Also, however, the JW position on transfusion keeps evolving, leading to complicated manuals like this one:

Hospital Liaison Committee handout (2000). Source:

So the effort to follow the words of Christ literally lead to a confusing clash between metaphor and material and a need to create new laws to ensure that only faith matters?

Let us return to the beginning. When SCOTUS fights the fight over religious positions on contraception, it references the JW stance on blood transfusion. But which one? Grundy points out that the JW had no position on the question until the 1920s. As Grundy puts it:

Originally Jehovah’s Witnesses were allowed vaccinations, transplants and blood. At various points in time during the 1900’s Jehovah’s Witnesses were forbidden all of the above. Now all of these are allowed once again in some shape or form. Though full blood transfusions and major blood fractions are still forbidden, technically 100% of the blood components are now allowed to be transfused in their broken down parts.

SCOTUS opinions are intended for the ages but famously overturned from one decade to the next, one century to the other. This allows laws to change with the times, just like the JW stance. The constant reference to this seemingly clear position, however, introduces a moment of radical doubt, of linguistic instability and dogmatic break-down into a debate that seeks to find a clear position in a confusing reality.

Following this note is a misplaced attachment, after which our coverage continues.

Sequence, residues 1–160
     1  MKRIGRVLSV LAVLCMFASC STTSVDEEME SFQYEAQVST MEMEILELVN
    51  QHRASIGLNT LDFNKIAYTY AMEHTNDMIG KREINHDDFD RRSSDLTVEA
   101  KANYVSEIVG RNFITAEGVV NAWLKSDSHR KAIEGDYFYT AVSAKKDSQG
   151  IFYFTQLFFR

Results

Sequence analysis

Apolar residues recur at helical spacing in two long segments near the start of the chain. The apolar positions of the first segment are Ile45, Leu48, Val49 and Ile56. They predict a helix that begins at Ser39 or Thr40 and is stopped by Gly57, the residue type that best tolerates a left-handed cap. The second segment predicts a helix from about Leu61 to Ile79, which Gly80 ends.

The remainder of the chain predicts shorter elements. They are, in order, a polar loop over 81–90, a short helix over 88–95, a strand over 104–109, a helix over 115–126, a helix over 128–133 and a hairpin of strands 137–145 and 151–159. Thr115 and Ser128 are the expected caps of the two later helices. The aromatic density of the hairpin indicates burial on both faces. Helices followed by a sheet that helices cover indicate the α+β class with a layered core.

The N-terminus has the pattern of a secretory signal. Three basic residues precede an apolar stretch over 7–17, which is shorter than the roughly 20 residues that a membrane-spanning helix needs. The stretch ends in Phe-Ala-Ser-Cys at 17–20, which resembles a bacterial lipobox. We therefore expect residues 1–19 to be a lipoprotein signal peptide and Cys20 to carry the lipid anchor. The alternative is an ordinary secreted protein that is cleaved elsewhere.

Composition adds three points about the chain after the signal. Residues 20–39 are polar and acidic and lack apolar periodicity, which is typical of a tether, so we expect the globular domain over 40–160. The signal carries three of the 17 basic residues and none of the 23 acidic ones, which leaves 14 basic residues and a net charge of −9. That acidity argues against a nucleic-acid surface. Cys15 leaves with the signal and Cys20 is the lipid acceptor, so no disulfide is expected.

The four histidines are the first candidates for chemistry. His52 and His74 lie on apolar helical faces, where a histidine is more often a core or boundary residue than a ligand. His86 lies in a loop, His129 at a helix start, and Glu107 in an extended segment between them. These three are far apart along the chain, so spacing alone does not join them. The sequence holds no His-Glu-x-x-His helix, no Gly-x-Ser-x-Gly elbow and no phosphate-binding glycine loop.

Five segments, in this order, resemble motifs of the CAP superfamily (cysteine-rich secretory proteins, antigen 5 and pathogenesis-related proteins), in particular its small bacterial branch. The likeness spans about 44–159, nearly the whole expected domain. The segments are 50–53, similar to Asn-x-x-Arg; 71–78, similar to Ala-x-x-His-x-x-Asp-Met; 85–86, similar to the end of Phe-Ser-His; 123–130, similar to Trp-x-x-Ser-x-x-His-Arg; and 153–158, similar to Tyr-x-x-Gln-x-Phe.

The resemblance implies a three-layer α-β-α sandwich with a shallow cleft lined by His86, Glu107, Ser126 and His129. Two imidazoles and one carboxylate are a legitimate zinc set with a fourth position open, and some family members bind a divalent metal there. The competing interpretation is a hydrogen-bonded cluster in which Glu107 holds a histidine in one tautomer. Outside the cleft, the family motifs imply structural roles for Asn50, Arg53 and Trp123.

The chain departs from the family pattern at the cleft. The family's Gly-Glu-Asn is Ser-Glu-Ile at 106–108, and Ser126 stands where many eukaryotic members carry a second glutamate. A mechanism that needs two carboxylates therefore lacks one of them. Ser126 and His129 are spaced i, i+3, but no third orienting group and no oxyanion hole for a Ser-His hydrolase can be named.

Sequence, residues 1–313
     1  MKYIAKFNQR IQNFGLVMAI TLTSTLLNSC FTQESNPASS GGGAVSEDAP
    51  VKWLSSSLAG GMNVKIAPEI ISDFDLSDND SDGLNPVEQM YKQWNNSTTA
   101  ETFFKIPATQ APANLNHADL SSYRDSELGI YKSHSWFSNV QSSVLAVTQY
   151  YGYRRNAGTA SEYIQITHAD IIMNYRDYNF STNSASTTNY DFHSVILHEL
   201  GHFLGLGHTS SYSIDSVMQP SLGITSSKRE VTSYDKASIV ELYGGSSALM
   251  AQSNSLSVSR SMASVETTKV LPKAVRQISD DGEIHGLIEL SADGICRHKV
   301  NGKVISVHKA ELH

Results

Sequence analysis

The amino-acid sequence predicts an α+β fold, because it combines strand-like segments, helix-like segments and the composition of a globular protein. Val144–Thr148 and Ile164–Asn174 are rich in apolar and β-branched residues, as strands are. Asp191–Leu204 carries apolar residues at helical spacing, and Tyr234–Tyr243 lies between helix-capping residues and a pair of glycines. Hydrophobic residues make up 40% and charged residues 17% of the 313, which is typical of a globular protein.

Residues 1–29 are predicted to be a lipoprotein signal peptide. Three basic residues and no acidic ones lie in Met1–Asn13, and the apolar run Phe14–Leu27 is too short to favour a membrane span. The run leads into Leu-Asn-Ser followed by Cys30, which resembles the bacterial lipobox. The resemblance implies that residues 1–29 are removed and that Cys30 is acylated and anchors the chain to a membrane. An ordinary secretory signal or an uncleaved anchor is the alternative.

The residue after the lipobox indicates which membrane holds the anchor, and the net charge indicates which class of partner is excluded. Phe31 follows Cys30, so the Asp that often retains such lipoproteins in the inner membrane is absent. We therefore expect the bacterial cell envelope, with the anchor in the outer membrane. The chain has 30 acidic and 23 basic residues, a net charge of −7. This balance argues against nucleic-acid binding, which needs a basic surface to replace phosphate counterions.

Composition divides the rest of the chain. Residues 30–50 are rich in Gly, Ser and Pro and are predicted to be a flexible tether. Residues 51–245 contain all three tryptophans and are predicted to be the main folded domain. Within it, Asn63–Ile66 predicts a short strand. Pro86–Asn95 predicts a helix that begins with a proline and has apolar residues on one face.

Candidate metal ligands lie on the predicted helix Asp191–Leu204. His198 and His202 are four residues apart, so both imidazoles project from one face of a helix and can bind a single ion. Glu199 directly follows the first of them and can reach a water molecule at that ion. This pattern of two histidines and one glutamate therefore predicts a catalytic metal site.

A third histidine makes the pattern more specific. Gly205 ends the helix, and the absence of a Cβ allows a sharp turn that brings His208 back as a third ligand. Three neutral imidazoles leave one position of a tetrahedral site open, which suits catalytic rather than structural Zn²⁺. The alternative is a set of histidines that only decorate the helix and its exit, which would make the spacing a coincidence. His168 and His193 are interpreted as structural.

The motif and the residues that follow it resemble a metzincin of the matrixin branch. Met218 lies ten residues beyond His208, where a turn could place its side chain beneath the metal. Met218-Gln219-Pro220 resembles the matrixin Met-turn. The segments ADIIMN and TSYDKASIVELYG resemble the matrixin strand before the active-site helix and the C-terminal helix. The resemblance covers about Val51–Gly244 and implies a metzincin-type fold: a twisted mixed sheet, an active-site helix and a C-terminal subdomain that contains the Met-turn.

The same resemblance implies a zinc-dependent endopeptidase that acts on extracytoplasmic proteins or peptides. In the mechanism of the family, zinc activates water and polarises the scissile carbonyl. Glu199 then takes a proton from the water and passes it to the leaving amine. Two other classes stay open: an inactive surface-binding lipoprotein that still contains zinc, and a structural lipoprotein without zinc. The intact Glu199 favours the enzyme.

So when we talk about religious objections to blood transfusion like those of the Jehovah’s Witnesses we must for one keep in mind that these objections themselves are under constant revision, reinterpretation, and might be abolished altogether. The specific case of the JW also shows us that the desire for stability in the blood, a hope for holistic solidity in how we can view blood, seduces us to accept solutions that seem reasonable only because they answer this desire, but in no way restore the lost whole, the blood we fear and love.